Tuesday, July 25, 2006

Copying isn't good for you - it's GREAT

If a school kid copies another student's work, it's called cheating. But copying in the world of work is not only tolerated but actively encouraged. Businesses copy from each other all the time - they just call it 'benchmarking' or 'identifying best practices'.

Anyone who wants to succeed should copy more too. 'Cause all around you, there are successful people, achieving great things. As a business psychologist I coach managers and entrepreneurs on how to achieve more. So I always say: Why reinvent the wheel?

If you're an entrepreneur and you meet someone who has a winning manner when charming investors, why not try to adopt some of their techniques? If you're trying to climb an organisational career ladder, look for the people who seem to be shooting up the hierarchy - what is it they say or do that has them on the fast track? Perhaps they have a certain way of handling conflict that accords them respect. Or maybe it's their ability to schmooze and get noticed by the right people.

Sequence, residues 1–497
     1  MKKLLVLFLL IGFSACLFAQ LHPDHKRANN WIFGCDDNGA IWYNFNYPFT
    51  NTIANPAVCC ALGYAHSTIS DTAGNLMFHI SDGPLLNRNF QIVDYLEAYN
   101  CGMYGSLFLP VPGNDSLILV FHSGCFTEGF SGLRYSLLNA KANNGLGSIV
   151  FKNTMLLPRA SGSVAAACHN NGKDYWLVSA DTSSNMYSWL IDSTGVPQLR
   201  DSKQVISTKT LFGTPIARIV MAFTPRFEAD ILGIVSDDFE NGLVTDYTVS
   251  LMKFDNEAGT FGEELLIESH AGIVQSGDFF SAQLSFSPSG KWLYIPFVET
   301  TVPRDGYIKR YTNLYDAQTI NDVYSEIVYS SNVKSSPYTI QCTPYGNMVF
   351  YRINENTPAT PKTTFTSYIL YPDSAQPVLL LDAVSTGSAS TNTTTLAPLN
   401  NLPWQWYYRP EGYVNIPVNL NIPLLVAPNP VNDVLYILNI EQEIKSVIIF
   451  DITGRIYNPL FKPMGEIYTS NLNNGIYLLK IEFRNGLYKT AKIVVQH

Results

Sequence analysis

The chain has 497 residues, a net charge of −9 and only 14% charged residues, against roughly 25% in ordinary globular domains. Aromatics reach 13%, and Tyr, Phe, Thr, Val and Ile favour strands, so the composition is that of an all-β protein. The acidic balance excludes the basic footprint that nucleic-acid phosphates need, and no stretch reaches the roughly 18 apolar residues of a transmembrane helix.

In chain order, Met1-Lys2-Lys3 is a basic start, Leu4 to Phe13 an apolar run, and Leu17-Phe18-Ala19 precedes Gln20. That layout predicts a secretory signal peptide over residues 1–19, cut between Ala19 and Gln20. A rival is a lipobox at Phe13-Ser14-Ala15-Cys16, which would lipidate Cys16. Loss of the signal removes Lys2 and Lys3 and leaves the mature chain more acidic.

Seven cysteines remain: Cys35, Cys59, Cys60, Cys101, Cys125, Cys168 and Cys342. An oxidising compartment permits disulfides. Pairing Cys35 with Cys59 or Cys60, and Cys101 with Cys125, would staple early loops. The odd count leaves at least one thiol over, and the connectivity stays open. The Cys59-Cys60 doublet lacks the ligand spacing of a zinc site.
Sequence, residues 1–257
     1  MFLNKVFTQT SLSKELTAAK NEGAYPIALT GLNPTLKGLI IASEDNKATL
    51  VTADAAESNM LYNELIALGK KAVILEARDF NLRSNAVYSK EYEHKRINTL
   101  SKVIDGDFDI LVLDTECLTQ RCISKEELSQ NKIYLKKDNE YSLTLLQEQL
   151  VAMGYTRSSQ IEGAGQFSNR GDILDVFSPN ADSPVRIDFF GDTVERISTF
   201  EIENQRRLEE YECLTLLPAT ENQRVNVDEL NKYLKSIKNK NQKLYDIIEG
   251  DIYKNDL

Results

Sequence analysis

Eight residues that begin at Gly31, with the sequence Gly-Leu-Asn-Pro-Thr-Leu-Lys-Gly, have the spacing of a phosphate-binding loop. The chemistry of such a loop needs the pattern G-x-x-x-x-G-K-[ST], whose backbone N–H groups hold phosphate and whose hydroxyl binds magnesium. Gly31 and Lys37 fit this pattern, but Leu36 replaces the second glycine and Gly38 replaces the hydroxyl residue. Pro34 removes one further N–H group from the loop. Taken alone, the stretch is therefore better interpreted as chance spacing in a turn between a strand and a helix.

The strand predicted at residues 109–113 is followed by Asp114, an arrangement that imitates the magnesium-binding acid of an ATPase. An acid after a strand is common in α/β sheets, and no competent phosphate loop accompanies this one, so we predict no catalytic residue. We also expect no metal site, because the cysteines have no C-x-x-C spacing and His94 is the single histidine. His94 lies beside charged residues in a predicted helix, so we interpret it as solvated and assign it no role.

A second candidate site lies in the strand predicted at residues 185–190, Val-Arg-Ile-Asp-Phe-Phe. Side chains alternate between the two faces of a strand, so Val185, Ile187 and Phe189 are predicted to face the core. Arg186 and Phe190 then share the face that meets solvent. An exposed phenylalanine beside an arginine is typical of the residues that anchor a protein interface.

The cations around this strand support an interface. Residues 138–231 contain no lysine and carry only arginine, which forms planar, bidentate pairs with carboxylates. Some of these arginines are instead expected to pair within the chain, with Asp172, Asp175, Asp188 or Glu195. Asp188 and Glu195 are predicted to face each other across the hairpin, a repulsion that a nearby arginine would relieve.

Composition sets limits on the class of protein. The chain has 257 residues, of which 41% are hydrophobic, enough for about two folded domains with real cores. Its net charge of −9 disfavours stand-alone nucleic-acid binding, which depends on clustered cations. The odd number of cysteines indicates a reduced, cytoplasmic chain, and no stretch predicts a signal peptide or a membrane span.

A warning though. This isn't about wholesale copying. It's about being selective - about spotting the particular phrases or behaviours you might want to add to your repertoire. The CEO may appear committed and passionate when he bangs his fist on the table. You'll seem like a petulant child.